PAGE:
Diastatic malt powder is the “secret ingredient” savvy bread bakers use to promote a strong rise, great texture, and lovely brown crust
The why and how
Simply said; diastatic malt is a grain which has been sprouted, dried and grounded into a powder. By sprouting the grain (often wheat or barley), letting the grain grow into a small sprout, you activate the enzymes inside the grain. These active enzymes (diastase) release sugars from the flour / starch which help to grow your yeast. It also promotes a nice golden crust and a good rise and oven spring.
You only need very small quantities of diastatic malt, about 5g or 1 tsp (or 1% of flour weight) per loaf of bread to get good results. Because there is also something like too much diastatic malt which can result in a reddish instead of a golden crust, weak dough and a rubbery crumb. Add just the right amount and it will do magic for your loafs! Some brands of flour already have diastatic malt added to it, so look on the package to check. As a rule, most whole wheat flour and organic flour does not have diastatic malt added and your bread will improve when you add your own.
3 Simple Steps
- Sprout grains
- Dry the wet sprouted grains on low temperature
- Grind the dried grains into a fine powder
Step 1 – Sprout grains
You can sprout grains yourself. Follow the steps on this page on how to sprout grains. We use organic wheat grains for our diastatic malt which we bought at our local windmill but you can also use barley. You need plain, whole (not broken or crushed) grains, preferably organic. When the grains have sprouted as described in the sprouting article you proceed to step 2 of this article.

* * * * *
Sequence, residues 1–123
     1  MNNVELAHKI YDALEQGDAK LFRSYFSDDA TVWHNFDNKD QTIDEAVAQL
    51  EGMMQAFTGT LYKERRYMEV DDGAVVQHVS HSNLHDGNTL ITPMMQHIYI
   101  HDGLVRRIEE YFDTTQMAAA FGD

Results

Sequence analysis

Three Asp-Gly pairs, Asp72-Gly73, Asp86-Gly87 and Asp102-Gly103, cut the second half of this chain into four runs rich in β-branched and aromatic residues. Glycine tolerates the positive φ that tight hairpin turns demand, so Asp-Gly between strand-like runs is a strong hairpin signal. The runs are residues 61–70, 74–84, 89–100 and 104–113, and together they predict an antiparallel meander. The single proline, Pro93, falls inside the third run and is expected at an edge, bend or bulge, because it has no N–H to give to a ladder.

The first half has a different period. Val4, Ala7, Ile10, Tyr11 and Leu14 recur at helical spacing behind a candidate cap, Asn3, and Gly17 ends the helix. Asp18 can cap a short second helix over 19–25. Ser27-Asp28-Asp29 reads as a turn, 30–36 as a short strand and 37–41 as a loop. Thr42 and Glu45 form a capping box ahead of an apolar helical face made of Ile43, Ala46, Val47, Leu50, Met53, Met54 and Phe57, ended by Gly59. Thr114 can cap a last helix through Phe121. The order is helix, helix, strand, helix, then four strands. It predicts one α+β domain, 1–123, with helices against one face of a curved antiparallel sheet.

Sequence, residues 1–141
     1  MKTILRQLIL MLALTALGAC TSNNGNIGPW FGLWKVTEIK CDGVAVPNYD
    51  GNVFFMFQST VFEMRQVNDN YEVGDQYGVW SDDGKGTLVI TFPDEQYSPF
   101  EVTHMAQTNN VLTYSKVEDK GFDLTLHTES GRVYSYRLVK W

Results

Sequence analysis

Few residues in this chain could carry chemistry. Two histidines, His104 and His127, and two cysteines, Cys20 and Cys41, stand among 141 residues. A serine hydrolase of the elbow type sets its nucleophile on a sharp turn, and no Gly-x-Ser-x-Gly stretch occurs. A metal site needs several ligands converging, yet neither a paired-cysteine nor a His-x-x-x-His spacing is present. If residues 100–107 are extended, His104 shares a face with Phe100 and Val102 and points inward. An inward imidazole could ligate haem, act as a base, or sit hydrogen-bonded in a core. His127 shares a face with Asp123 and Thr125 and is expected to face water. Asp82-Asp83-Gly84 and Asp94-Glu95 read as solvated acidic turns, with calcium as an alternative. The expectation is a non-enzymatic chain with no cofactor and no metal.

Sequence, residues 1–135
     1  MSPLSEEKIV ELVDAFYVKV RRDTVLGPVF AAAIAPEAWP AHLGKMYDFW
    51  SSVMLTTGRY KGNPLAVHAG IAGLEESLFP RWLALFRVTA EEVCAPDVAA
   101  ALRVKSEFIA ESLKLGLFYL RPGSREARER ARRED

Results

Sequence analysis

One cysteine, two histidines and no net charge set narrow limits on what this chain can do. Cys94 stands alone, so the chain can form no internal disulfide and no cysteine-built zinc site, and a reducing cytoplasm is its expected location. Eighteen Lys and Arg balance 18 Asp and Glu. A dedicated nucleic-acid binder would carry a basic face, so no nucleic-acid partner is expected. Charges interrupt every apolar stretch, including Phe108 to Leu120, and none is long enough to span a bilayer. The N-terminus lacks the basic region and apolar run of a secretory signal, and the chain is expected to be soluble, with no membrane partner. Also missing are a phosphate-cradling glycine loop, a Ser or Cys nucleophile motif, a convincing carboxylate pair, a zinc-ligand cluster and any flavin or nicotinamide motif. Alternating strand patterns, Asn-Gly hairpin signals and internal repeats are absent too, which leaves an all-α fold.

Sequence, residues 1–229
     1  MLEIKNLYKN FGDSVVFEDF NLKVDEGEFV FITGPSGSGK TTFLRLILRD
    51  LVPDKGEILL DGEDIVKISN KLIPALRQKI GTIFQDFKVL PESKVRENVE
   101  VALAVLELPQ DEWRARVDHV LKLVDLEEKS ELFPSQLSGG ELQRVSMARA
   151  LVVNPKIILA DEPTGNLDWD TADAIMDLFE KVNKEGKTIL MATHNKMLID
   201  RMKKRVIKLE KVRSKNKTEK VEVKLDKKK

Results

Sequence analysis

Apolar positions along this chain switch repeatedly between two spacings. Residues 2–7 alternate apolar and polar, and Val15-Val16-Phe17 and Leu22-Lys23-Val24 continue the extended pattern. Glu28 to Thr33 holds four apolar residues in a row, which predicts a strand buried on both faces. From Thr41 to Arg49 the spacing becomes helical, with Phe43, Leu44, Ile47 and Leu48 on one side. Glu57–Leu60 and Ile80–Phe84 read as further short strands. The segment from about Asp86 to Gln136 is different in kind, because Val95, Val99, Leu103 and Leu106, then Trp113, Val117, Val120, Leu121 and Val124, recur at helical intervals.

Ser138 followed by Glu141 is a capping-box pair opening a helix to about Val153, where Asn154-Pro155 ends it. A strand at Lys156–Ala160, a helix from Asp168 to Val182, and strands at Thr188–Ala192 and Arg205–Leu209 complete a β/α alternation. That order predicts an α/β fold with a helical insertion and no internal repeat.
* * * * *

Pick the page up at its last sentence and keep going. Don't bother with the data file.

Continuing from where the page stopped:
Step 2 – Dry sprouts
Before you can mill the grains they have to be dried. You have to do this at a low temperature or your precious enzymes will not survive. The enzymes will damage and die and lose all activity at about 55 ºC or 130 ºF, so to be on the safe side do not let them get above 40 ºC or 104 ºF. We dry our sprouts, spread out, on a baking sheet lined with grease proof baking paper in a window sill. Turn them with a spoon every 6 hours or so the bottom grains are on top and everything gets evenly dried. If you have a fancy oven which can be set to 40 ºC or 104 ºF you can also put the baking sheet in your preheated oven for 3 to 4 hours. The grains are ready when they are dried completely and have turned rock solid again. Drying at room temperature can take up to two days or even more. Just be patient.
Step 3 – Grinding the sprouts
When the grains have dried it is time to grind them into a fine powder. We use a little home-use grinder with small stones especially made for flour. You can also pound them into a fine powder with a big pestle and mortar. The powder will keep ‘forever’ however, because it is flour we advise you to use it within a year (mark the date on your jar or bag). You just add the right amount of diastatic malt to your flour, just before you knead your dough, nothing more to it!
For example, you can add 5 grams of diastatic malt to the final dough to improve the dough of our Pain Rustique or Pain Natural!
Also check out our recipe for white fluffy buns with added diastatic malt.
Leave a Reply to Ellen van Schaik Cancel reply